Author Topic: Bart D. Ehrman - Misquoting Jesus (2005)  (Read 2233 times)

0 Members and 1 Guest are viewing this topic.

Offline Apeiron

  • Too Much Spare Time
  • ********
  • Posts: 6119
  • Students! The muses are silent.
    • ILS
Bart D. Ehrman - Misquoting Jesus (2005)
« on: May 27, 2008, 12:07:58 PM »
Subject introduction
Ehrman introduces the field of textual criticism and explains the history of the formation of the bible. He discusses how scribes copied the early Christian texts, sometimes making accidental mistakes and occasionally changing the text to suit their purposes better. Ehrman gives examples of such alterations in the text and how to identify them. These include changes based on theological views (early Christianity was hopelessly divided in their views on Christ, the Trinity, and other important matters), and on more 'political' issues such as the role of women in the church.

Wikipedia
Bart D. Ehrman
Misquoting Jesus

Offline Apeiron

  • Too Much Spare Time
  • ********
  • Posts: 6119
  • Students! The muses are silent.
    • ILS
Re: Bart D. Ehrman - Misquoting Jesus (2005)
« Reply #1 on: May 27, 2008, 12:12:01 PM »
I had listened to Ehrman's Teaching Company course on "Lost Christianities" , and read parts of some of his books a couple of years ago. Therefore this book did not contain any new information for me, but I nevertheless enjoyed it very much. As a classical archaeologist I am obviously interested in the time period, and as an atheist with a Christian background it is not hard to see why I find early Christianity fascinating.

This book gives a low-level introduction to textual criticism, and applies it in an easily understandable fashion to early Christian texts.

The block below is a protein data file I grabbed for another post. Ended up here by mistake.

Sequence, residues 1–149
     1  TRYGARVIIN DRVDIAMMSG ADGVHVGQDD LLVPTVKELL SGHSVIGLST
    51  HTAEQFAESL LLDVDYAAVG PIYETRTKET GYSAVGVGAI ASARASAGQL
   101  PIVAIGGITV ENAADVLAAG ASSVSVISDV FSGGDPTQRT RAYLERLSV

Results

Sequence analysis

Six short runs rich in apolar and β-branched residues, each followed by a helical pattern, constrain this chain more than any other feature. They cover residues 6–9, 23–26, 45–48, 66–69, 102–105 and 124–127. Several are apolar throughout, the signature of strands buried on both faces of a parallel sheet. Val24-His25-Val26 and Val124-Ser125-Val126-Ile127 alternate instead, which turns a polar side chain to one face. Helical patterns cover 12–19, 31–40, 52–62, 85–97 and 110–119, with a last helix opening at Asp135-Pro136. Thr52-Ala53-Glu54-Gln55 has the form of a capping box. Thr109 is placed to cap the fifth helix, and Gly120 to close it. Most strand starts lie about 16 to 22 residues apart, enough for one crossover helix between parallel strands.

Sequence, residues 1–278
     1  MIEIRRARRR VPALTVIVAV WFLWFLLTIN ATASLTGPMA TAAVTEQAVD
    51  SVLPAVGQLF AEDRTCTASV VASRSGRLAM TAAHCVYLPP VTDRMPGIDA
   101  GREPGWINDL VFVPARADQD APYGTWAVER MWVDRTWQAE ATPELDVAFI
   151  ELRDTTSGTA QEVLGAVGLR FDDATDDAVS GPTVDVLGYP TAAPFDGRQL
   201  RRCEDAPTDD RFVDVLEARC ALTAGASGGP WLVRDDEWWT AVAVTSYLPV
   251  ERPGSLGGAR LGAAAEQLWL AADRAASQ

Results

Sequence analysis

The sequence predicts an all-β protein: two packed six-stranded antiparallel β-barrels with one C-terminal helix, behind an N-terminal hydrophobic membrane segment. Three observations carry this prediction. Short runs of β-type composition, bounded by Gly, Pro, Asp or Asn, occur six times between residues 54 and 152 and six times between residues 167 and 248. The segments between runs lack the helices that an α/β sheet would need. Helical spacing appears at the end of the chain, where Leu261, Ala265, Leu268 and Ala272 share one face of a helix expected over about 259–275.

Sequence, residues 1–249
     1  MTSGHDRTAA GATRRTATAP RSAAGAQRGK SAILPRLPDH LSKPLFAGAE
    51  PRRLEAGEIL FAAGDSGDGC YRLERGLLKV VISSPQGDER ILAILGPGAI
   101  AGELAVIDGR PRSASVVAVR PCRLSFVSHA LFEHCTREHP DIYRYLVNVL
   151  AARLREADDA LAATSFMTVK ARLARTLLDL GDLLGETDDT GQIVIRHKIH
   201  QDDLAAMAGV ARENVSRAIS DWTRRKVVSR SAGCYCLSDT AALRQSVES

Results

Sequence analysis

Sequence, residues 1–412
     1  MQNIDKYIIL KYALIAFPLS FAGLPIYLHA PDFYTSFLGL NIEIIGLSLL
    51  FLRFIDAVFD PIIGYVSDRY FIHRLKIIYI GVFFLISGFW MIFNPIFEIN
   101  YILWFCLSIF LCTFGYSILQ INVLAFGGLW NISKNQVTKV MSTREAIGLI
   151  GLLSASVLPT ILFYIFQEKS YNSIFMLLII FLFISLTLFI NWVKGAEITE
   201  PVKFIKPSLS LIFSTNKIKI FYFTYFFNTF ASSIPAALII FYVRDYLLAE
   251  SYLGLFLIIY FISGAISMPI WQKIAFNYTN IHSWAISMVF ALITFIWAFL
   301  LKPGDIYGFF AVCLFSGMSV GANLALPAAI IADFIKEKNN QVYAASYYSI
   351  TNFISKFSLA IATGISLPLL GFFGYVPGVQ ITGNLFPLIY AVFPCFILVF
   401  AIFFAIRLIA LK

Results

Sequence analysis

Most interesting to me are the changes that early Christians made to the texts at their disposal from theological motives. Various other forms of Christianity existed, including those who believed Jesus was not divine. It seems to be the case that the current form of Christianity does not go back to the oldest tradition, and is mistaken on at least the divinity of Jesus and the doctrine of the Trinity - that is if we assume the oldest texts to be authoritative.

Offline Mrs B

  • Frequent Poster
  • ******
  • Posts: 2986
  • Location: Belgium
Re: Bart D. Ehrman - Misquoting Jesus (2005)
« Reply #2 on: May 28, 2008, 05:08:50 AM »
I can recommend a very similar book by someone closer to home, for us, shall we say.
It is called "Het Nieuwe Testament Leren Lezen" by Prof. Frans Van Segbroeck (He teaches or used to teach at the KUL).
His main focus is to paint the long way how the NT evolved from being a divine book to a product of religious people.
He talks about the greek writings, the old latin translation, the different recensions etc. It's all in a nutshell, but good introduction.

The book is only 15€ (Acco uitgeverij).
It is one thing to show a man that he is in an error, and another to put him into possession of the truth---John Locke (1632-1704)

Offline Sabbie

  • Frequent Poster
  • ******
  • Posts: 3815
    • Facebook
Re: Bart D. Ehrman - Misquoting Jesus (2005)
« Reply #3 on: May 28, 2008, 07:34:25 AM »
Sounds interesting, thanks ^^ I don't read a lot of Dutch books, except for school. This might be welcome change for once.

But I already have Misquoting Jesus planned as my next Audiobook after I've finished WoT5, since Ape is so positive about it.

Offline Apeiron

  • Too Much Spare Time
  • ********
  • Posts: 6119
  • Students! The muses are silent.
    • ILS
Re: Bart D. Ehrman - Misquoting Jesus (2005)
« Reply #4 on: May 28, 2008, 08:43:34 AM »
Yeah it's a great overview of Ehrman's work and his field of scholarship. It's low-level and short, points which are both good and bad about it imo. I'm currently reading Ehrman's 2006 work "The Lost Gospel of Judas Iscariot: A New Look at Betrayer and Betrayed". Ehrman was of course one of the scholars first involved with the research and publication of this newly found early Christian text. Fascinating story.

Offline Lagnath

  • Off to a Start
  • *
  • Posts: 86
Re: Bart D. Ehrman - Misquoting Jesus (2005)
« Reply #5 on: May 30, 2008, 03:18:45 PM »
As a bonus this book inspired the best series of books/pdf's.

In response to this book someone wrote Misquotes in Misquoting Jesus: Why you can still believe.
This in turn inspired a PDF Misquotes in Misquotes in Misquoting Jesus